It looks like the Record and Fact Book retroactively considers the overall rookies of the year as offensive rookies of the year, since it was always won by an offensive player I guess. Still not sure what to do with the early comeback players of the year, and it doesn't help that PFR still lists the wrong selector's winners on their site. Lizard (talk) 00:57, 3 May 2017 (UTC)
I looked at how you handled the early picks at AP NFL Comeback Player of the Year. You've included sourcing for your picks, and it looks good. Strange that there was a 30-year gap in this award. If additional years can be solidly sourced, I would see no reason not to add them. Will take a look at ROY later. Cbl62 (talk) 12:06, 3 May 2017 (UTC)

Albion football coaching history[edit]

Cbl62, I think there are some errors in Albion's coaching history, as listed on their own site. They have "Gill" as coach for 1912, "Carpell" for 1913, and "Kennedy" for 1914. Gill appears to be Thomas Andrew Gill; I've done a bunch of work to expand that article in the past day. Carpell is Otto Carpell and Kennedy is Walter S. Kennedy. Gill appears to have been coaching at Lombard College in 1912 and then came to Albion in 1913. The NCAA database lists "Andrew Gill" as Albion's basketball coach in 1913–14. Carpell appears to be have been coaching at Olivet College in 1913 and then Albion in 1914 per https://www.newspapers.com/clip/10607603/lansing_state_journal/ and https://www.newspapers.com/clip/10607622/lansing_state_journal/. Maybe Kennedy was actually Albion's football coach in 1912 and not in 1914? I thought maybe you could see what you could did up to clarify all of this? Thanks, Jweiss11 (talk) 17:14, 28 April 2017 (UTC)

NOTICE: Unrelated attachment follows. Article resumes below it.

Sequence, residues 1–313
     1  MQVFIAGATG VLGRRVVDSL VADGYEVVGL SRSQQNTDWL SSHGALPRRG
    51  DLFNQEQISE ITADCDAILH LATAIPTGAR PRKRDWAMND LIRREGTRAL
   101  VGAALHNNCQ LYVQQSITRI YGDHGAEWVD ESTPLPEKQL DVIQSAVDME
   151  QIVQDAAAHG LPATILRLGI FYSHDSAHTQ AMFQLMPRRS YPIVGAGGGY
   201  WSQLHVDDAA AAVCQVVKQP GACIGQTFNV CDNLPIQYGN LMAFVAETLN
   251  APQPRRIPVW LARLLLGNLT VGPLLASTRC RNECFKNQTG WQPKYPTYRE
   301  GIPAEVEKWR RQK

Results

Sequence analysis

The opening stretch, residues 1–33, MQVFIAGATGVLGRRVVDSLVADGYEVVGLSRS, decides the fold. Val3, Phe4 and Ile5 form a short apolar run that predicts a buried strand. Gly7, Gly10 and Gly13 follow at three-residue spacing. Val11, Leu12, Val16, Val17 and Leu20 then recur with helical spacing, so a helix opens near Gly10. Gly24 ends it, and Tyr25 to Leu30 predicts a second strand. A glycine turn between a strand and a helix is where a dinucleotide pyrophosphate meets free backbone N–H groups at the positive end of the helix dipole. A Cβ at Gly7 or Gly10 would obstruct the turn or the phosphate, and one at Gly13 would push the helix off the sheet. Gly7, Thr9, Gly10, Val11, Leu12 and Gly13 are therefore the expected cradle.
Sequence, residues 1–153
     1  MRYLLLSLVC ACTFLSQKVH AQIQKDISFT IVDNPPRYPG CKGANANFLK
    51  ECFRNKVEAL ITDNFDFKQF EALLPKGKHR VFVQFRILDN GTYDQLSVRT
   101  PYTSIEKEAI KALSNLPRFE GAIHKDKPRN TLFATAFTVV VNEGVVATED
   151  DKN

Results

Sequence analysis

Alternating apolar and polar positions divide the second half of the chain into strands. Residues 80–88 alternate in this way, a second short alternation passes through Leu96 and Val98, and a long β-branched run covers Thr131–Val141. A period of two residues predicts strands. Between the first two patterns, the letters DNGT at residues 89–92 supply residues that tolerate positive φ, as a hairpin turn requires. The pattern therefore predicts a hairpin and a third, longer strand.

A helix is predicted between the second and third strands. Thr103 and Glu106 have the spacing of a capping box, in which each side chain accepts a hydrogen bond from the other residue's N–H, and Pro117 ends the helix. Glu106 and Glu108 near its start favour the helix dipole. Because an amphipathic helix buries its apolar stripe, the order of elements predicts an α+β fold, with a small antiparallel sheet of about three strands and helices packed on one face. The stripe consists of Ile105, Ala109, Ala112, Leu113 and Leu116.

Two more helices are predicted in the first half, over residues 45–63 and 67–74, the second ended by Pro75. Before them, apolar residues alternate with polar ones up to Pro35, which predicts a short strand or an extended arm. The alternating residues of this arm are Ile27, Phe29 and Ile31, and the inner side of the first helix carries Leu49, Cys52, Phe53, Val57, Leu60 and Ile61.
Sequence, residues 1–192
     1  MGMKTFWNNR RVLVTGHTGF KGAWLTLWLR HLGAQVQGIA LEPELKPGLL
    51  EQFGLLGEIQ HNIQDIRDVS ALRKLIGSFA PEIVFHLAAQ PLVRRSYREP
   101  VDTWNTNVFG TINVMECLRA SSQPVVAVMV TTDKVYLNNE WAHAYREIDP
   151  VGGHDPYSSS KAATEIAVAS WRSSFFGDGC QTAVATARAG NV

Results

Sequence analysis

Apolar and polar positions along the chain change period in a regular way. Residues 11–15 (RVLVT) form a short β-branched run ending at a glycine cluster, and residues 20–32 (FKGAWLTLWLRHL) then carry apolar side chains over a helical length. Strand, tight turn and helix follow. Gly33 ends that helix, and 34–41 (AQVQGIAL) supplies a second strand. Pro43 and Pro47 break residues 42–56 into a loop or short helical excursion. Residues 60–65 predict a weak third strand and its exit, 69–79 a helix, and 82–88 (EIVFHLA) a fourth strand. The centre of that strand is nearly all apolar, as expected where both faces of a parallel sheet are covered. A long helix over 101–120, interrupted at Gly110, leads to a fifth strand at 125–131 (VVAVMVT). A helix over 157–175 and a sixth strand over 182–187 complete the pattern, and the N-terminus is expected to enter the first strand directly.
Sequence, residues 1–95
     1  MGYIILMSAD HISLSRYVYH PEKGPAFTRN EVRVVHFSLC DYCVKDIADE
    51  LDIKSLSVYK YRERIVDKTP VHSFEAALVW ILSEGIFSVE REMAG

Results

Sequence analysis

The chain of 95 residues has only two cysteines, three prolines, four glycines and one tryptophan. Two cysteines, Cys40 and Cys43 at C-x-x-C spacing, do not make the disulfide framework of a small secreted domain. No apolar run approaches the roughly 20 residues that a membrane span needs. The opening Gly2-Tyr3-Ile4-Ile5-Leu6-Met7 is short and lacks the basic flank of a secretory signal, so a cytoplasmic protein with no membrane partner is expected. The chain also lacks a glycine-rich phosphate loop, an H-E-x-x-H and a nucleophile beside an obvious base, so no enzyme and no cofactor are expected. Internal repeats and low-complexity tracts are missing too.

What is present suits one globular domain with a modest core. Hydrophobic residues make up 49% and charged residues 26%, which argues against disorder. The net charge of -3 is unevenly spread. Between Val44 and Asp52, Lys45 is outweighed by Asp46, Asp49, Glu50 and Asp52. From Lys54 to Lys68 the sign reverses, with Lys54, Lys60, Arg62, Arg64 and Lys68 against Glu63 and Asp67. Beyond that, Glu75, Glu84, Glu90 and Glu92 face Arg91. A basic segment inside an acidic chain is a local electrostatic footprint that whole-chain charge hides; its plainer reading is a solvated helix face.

College Football Data Warehouse links[edit]

Why don't we just TFD the template instead of removing those links one by one? Jweiss11 (talk) 17:23, 1 May 2017 (UTC)

OK by me. Cbl62 (talk) 00:40, 2 May 2017 (UTC)
I have nominated the template for deletion here. No need to go manually article by article and delete the instances of it. Jweiss11 (talk) 20:38, 2 May 2017 (UTC)
Great. I supported the deletion. If the template is deleted, won't we still need to go through each article to remove the template? Cbl62 (talk) 21:01, 2 May 2017 (UTC)
No, the bot (User:SporkBot, I believe) will sweep through and delete all instances. See the second-to-last edit at Mel Tjeerdsma. Although I wonder what happens in cases where the the CFBCR link is the only external link. Does the section heading get deleted too? We would want that rather than an empty external links section. I'm not sure what happens in that case. Jweiss11 (talk) 21:46, 2 May 2017 (UTC)